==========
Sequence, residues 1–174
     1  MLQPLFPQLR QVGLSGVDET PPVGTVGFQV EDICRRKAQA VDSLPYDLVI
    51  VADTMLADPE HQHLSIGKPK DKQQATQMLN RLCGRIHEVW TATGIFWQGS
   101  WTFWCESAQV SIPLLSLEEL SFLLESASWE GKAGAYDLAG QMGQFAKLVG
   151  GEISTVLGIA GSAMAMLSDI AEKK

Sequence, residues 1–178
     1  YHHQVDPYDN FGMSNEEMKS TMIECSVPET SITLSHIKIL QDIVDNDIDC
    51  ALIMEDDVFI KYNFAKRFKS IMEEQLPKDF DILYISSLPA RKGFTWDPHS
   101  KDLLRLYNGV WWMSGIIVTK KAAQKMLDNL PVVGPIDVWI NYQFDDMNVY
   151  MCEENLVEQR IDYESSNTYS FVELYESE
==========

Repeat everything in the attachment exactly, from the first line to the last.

Sequence, residues 1–174
     1  MLQPLFPQLR QVGLSGVDET PPVGTVGFQV EDICRRKAQA VDSLPYDLVI
    51  VADTMLADPE HQHLSIGKPK DKQQATQMLN RLCGRIHEVW TATGIFWQGS
   101  WTFWCESAQV SIPLLSLEEL SFLLESASWE GKAGAYDLAG QMGQFAKLVG
   151  GEISTVLGIA GSAMAMLSDI AEKK

Sequence, residues 1–178
     1  YHHQVDPYDN FGMSNEEMKS TMIECSVPET SITLSHIKIL QDIVDNDIDC
    51  ALIMEDDVFI KYNFAKRFKS IMEEQLPKDF DILYISSLPA RKGFTWDPHS
   101  KDLLRLYNGV WWMSGIIVTK KAAQKMLDNL PVVGPIDVWI NYQFDDMNVY
   151  MCEENLVEQR IDYESSNTYS FVELYESE